For Ajinkya, it’s all about the synergy between graphs and machine learning. As a Senior Applied Researcher at eBay’s New Product Development Group, Ajinkya and his team use Natural Language Understanding to bake machine learning into the graph database that drives eBay’s virtual shopping assistant, eBay ShopBot.
In this week’s five-minute interview (conducted at GraphConnect New York), Ajinkya tells us how he got started with Neo4j and about his vision for machine learning on knowledge graphs.
Talk to us about how you guys use Neo4j at eBay.
Ajinkya Kale: We built eBay ShopBot using Neo4j as a probabilistic graph model to drive conversations. Conversational commerce is basically a system where you interact with the agent as you would interact with a salesperson in a shop, and so we needed to encode human understanding into our knowledge graph.
You’ve been using Neo4j a while, right?
Kale: I have been in the research field for almost five years now, and actually I have used Neo4j since I was working on my master’s.
There’s a funny story I told Emil. On one of my master’s projects, I was stuck on some issues. At that time, Peter Neubauer – one of the founders – was still at Neo4j. I posted on the Neo4j forum, and Peter just jumped on and said, “Hey, let’s do a Skype call,” and I said [laughing], “Okay, fine.” We shared screens and he fixed some things for me, which is pretty cool, having a founder get on a call with you.
What made you choose Neo4j?
Kale: We looked at a bunch of graph technologies. Neo4j’s track record and my experience with it were among the reasons we went with Neo4j as a graph solution.
Other factors were the ease of use, especially as a developer who is new to Neo4j, as well as the way you can visualize the data and play with it at the same time. From the experimentation phase to production, it’s super easy to use.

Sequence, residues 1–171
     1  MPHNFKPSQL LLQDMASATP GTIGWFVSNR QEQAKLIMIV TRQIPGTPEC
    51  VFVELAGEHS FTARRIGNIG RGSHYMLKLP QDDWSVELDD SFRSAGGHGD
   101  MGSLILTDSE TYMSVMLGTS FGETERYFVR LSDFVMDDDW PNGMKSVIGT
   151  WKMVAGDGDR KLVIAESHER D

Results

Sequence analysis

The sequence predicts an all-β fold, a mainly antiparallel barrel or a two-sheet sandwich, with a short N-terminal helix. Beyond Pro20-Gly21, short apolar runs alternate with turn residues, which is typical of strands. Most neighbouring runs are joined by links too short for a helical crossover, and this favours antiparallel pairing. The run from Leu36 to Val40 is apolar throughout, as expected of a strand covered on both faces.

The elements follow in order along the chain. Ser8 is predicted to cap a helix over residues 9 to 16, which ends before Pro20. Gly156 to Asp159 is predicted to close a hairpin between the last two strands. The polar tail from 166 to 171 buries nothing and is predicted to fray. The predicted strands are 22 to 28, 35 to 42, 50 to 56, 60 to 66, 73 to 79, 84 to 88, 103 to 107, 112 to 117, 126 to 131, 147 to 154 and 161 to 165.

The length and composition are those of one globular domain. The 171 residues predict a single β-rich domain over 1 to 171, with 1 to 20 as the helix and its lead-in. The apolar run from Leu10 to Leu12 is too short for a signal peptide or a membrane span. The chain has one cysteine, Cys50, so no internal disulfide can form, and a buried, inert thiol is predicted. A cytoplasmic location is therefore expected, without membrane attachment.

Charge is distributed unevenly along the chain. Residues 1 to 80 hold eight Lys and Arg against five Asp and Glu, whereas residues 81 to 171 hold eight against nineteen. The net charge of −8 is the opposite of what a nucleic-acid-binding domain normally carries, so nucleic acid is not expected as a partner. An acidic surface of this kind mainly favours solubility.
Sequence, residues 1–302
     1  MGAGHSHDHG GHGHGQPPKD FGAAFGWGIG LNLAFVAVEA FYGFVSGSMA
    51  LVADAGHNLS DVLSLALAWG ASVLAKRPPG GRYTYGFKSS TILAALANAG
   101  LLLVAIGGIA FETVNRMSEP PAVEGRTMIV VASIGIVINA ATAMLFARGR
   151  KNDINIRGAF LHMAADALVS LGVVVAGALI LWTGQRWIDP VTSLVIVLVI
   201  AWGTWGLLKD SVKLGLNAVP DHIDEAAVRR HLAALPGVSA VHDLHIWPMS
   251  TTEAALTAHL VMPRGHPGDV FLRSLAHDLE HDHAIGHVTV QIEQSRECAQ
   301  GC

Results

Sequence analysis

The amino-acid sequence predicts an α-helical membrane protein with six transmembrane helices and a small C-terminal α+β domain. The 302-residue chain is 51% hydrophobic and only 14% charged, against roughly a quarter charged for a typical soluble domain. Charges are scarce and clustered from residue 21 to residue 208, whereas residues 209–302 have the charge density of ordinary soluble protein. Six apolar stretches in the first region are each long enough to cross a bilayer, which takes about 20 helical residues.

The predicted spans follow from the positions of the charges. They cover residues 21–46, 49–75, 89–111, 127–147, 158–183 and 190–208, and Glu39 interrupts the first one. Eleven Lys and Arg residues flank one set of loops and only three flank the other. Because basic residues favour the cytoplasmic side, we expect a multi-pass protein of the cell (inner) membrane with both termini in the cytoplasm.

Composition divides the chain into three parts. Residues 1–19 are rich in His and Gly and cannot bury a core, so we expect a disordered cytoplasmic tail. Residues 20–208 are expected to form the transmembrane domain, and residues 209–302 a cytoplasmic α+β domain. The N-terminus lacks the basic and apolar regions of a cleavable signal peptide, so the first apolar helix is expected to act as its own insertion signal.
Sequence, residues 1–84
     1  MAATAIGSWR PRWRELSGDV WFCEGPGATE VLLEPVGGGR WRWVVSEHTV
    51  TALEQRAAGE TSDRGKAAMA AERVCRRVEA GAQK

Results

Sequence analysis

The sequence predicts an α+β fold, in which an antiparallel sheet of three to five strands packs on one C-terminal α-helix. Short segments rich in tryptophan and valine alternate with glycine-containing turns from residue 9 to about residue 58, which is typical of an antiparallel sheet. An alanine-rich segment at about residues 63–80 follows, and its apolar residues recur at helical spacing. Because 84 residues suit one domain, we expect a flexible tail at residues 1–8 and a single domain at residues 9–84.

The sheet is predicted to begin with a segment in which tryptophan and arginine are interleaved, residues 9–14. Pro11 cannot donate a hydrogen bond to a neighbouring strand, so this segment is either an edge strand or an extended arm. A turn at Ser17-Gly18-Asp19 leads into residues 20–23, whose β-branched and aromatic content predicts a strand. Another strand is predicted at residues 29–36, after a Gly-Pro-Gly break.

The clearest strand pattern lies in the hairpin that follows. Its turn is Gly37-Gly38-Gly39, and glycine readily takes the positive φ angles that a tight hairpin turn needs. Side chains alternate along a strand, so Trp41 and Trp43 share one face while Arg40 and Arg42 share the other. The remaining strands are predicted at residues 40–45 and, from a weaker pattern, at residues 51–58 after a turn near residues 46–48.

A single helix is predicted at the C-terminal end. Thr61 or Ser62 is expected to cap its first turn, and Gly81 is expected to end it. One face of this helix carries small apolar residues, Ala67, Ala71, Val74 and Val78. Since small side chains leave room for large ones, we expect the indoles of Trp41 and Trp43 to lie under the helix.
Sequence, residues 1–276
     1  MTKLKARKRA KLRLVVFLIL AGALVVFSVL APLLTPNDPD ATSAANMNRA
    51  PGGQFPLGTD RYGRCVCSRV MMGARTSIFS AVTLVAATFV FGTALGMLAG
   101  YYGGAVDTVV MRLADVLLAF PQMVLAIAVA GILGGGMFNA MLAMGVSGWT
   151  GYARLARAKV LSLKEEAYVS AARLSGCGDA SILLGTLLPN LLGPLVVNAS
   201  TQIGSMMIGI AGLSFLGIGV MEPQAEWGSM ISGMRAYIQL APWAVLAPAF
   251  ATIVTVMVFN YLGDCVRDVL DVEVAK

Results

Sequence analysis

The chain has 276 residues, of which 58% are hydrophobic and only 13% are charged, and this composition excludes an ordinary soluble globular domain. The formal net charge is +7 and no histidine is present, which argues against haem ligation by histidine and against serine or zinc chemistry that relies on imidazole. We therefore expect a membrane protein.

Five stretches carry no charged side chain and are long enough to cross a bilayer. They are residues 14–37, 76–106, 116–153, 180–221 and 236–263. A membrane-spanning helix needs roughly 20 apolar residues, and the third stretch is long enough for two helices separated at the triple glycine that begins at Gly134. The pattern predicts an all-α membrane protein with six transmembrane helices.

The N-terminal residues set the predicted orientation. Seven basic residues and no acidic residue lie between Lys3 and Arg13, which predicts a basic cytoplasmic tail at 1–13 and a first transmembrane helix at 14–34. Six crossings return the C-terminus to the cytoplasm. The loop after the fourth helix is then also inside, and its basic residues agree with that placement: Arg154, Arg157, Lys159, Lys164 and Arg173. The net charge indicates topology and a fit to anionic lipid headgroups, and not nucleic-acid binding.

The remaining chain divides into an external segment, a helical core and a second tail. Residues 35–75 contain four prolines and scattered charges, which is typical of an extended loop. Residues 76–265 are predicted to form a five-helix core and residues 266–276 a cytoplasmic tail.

What do you think the future of graph technology looks like?
Kale: Most people are not looking at graph databases from a machine-learning point of view. All the inherent knowledge we as humans have accumulated since our childhood, the knowledge we use to make decisions, can be encoded in a graph structure. And that’s going to be a big thing going forward.
Want to share about your Neo4j project in a future 5-Minute Interview? Drop us a line at firstname.lastname@example.org
Learn why a recommender system built on graph technology is more powerful and efficient with this white paper, Powering Recommendations with Graph Databases – get your copy today.
Read the White Paper
About the Author
Bryce Merkl Sasaki, Editor-in-Chief, Neo4j
Bryce Merkl Sasaki is the Editor-in-Chief at Neo4j. He studied professional and creative writing for undergrad and has been freelancing for 7 years. Recently, he worked at an inbound marketing agency in Philadelphia as a copywriter before moving to California. When not working, he likes to spend his time working on his novel, looking for pickup soccer games and reading voraciously.
From the CEO
Have a Graph Question?
Reach out and connect with the Neo4j staff.Stackoverflow
Share your Graph Story?
Email us: email@example.com